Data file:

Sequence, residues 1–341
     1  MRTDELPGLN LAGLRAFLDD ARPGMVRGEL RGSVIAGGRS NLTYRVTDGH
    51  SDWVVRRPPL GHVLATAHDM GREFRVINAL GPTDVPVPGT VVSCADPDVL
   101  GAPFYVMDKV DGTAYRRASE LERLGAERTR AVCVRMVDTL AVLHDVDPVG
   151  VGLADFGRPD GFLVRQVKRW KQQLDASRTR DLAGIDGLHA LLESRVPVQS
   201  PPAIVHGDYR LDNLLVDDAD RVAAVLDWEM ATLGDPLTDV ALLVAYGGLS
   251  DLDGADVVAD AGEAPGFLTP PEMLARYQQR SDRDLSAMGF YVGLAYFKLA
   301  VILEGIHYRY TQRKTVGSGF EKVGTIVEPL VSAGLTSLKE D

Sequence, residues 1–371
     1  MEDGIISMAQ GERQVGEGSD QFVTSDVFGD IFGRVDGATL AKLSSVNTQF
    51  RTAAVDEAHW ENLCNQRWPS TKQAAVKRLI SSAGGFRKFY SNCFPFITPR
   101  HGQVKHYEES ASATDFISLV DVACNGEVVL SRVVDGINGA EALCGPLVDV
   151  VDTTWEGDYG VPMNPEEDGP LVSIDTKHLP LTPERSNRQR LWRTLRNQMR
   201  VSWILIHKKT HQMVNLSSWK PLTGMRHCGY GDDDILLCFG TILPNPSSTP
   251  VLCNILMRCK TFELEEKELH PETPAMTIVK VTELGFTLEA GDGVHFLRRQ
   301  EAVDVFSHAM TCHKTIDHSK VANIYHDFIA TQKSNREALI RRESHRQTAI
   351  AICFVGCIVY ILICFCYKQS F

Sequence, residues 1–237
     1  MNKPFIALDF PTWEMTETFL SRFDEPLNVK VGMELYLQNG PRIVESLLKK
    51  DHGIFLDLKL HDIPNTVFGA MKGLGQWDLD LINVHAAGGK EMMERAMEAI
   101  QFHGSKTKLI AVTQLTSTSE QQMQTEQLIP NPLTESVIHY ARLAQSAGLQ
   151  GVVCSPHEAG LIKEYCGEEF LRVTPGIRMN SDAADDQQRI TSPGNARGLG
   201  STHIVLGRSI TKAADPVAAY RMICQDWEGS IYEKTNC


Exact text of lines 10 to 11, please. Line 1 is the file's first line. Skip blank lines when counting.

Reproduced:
     1  MEDGIISMAQ GERQVGEGSD QFVTSDVFGD IFGRVDGATL AKLSSVNTQF
    51  RTAAVDEAHW ENLCNQRWPS TKQAAVKRLI SSAGGFRKFY SNCFPFITPR